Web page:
CASE DIGEST: People v. Fernandez

G.R. No. 199211 : June 4, 2014




The RTC, Branch 21 of Manadaluyong City convicted the appellant of the crimes of Illegal Recruitment in large scale and five (5) counts of estafa committed against complainants Airene Etac, Jowel A. Baja, Joemar Aquino, Luis M. Bernardo and Anthony M. Canlas. The RTC gave full faith and credence to the testimonies of the complainants that the appellant promised them employment abroad. The trial court held that the appellant represented to complainants that he had the power and ability to send them in Hongkong, and that by virtue of this representation and fraud, the complainants were convinced to part with their money in order to be employed.

On appeal, the Court of Appeals upheld the factual findings of the RTC. It agreed with the trial court that all the elements of Illegal recruitment as defined under Article 13(b), in relation to Article 34 of the Labor Code were sufficiently established and constitutes illegal recruitment in large scale. The Ca also declared that appellants assurance that he could deploy the complainants for employment in Hongkong constitutes estafa.

The appellant filed an appeal before this Court.
ISSUE: Whether the Court of Appeals erred in finding him guilty of the case of Illegal Recruitment and estafa.
HELD: Court of Appeals decision is sustained.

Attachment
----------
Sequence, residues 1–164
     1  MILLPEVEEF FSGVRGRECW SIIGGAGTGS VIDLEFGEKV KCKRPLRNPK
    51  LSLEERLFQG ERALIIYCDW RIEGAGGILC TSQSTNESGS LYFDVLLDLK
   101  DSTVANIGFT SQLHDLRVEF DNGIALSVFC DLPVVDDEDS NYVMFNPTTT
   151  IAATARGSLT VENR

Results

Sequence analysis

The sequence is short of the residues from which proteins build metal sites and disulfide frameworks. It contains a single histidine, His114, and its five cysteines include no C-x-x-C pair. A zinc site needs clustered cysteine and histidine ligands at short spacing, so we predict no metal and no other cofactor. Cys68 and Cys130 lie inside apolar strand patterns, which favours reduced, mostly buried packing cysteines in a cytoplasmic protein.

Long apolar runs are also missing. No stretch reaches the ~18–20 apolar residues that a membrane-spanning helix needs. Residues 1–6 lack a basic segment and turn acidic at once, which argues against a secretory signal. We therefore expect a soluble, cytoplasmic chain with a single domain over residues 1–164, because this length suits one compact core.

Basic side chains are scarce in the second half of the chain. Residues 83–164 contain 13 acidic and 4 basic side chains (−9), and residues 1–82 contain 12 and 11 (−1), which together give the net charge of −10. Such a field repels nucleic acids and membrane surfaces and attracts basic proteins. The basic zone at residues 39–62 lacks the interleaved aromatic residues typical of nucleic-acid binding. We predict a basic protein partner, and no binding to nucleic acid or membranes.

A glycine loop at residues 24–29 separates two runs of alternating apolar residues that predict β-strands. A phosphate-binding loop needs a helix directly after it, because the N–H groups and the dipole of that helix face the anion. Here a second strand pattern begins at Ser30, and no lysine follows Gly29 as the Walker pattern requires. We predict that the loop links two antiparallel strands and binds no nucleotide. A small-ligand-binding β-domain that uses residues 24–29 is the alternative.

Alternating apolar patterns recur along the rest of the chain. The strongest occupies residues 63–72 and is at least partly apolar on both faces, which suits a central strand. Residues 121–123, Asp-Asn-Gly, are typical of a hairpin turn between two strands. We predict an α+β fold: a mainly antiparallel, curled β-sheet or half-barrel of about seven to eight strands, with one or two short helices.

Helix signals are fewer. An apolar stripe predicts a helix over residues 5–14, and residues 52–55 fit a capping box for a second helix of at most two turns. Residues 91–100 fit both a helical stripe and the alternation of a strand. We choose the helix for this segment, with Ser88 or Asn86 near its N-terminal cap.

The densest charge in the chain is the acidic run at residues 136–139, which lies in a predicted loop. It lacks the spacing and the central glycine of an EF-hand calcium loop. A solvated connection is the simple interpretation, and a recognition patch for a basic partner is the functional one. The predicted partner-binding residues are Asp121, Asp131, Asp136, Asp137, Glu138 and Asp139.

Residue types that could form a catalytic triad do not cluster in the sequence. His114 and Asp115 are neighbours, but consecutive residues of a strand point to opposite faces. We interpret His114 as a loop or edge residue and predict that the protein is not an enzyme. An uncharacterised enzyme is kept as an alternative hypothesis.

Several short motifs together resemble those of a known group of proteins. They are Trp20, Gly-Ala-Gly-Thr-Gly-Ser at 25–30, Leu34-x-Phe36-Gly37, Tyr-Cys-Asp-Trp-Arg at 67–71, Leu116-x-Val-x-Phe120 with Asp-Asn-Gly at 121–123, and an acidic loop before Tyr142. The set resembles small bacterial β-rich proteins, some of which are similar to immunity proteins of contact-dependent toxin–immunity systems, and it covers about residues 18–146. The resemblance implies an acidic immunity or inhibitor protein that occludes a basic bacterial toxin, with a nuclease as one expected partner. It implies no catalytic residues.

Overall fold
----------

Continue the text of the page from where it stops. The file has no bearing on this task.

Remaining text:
For illegal recruitment in large scale to prosper, the prosecution has to prove three essential elements, namely: (1) the accused undertook a recruitment activity under Article 13(b) or any prohibited practice under Article 34 of the Labor Code; (2) the accused did not have the license or the authority to lawfully engage in the recruitment and placement of workers; and (3) the accused committed such illegal activity against three or more persons individually or as a group. People v. Hernandez,, 428 Phil. 643


We are convinced that the prosecution proved beyond reasonable doubt that appellant violated Article 315 (2) (a) of the Revised Penal Code as amended, which provides that estafa is committed by any person who defrauds another by using a fictitious name; or by falsely pretending to possess power, influence, qualifications, property, credit, agency, business; by imaginary transactions or similar forms of deceit executed prior to or simultaneous with the fraud. People v. Sagaydo, 385 Phil. 538

The elements of deceit and damage are clearly present; the appellants false pretense were the very cause that induced the complainants to part with their money.